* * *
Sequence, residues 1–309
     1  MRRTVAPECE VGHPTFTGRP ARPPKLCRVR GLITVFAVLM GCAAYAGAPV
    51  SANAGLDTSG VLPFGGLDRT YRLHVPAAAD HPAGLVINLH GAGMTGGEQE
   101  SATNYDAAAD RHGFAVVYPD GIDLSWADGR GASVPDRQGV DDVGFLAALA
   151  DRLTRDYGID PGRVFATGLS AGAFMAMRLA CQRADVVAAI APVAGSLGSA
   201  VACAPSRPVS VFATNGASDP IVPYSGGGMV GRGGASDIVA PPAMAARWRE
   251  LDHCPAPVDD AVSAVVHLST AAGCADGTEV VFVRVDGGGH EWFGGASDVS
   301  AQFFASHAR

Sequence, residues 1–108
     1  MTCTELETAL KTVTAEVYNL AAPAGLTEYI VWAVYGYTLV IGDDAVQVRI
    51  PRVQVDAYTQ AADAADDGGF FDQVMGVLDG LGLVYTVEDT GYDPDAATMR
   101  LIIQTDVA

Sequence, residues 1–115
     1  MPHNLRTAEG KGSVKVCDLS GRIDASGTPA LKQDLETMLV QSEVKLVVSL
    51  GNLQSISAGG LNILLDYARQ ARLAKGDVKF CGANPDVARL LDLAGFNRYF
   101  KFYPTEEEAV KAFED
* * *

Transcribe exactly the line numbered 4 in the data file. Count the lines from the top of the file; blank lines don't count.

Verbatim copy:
   101  SATNYDAAAD RHGFAVVYPD GIDLSWADGR GASVPDRQGV DDVGFLAALA